Class-action against NB-based cannabis producer moves forward

Class-action against NB-based cannabis producer moves forward | Insurance Business

Class-action against NB-based cannabis producer moves forward

A Nova Scotia judge has approved a class-action lawsuit filed against a cannabis producer in New Brunswick.

The producer, OrganiGram in Moncton, is accused of supplying customers with cannabis that was contaminated with unapproved pesticides in 2016, which made customers sick.

A hearing over the case, which took two days, was held in Halifax in June 2018.

Last week, Nova Scotia Supreme Court Justice Ann E. Smith released a 111-page decision that certified the class-action. Dawn Rae Downton, a Halifax local who was affected by the tainted cannabis, was appointed as the representative plaintiff.

There are two parts to the claim, as explained by lawyer Ray Wagner, who represents the plaintiffs.

“The first part relates to the refund - people bought something that was not what it was made out to be and so we want to return the funds that they had paid as anybody who purchased something, a good or a service, that is not up to snuff and, in this case, where it breached the regulations under the Health Canada regime on cannabis,” Wagner remarked.

The second part, he said, refers to client experiences after using the cannabis.

“A large number of our class members have also reported that they were ill during this period of time, suffered a lot of signs and symptoms of illness that they correlate to the timing that they consumed this particular product,” he said.

Downton last year told CBC News in an interview that the contaminated medical cannabis – prescribed to her for her back pain – led to side effects such as nausea and vomiting, which have caused her to “lose eight months of her life.”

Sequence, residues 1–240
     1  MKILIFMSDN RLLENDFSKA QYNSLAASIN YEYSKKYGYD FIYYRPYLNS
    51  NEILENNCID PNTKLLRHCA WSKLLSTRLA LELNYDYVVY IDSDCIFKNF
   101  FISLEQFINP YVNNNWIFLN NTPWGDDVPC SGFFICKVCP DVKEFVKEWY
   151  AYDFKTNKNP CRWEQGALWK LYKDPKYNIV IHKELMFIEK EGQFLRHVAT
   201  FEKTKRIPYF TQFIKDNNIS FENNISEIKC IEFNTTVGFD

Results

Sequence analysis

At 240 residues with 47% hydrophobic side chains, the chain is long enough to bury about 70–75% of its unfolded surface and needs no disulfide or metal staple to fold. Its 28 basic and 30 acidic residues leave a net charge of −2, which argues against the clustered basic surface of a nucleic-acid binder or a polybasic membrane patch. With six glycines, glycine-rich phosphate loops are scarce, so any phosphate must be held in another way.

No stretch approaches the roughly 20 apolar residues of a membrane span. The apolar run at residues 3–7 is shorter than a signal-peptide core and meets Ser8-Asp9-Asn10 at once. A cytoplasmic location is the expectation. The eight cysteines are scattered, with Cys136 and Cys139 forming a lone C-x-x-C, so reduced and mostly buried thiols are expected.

In addition to Downton, 176 people have registered with Wagner for the class action.

OrganiGram’s medical cannabis was subjected to two major recalls on two separate occasions – late 2016 and early 2017 – after the pesticides myclobutanil and/or bifenazate were detected. The cannabis products were produced between February 01 and December 16, 2016.

Following the recalls, OrganiGram’s organic certification was suspended.

The company has issued a statement, obtained by CBC News, following news of the class-action’s approval.

“Certification is not a decision on the merits of the lawsuit, but simply deals with the proper procedure for a lawsuit, which allows it to continue to the next stage,” the company said.

OrganiGram added that it is reviewing the decision to appeal the case.

“OrganiGram has already voluntarily reimbursed many of its customers for this recall via a comprehensive credit and refund program,” the company noted.

“Organigram has insurance to cover the cost of legal fees associated with the defense of the class action. Insurance coverage may also cover some or all of any monetary damages associated with any resolution of this matter. While the ultimate outcome of any court process is difficult to ascertain, Organigram management does not anticipate that the class action (including the resolution thereof) will impact its business or operations in any material manner,”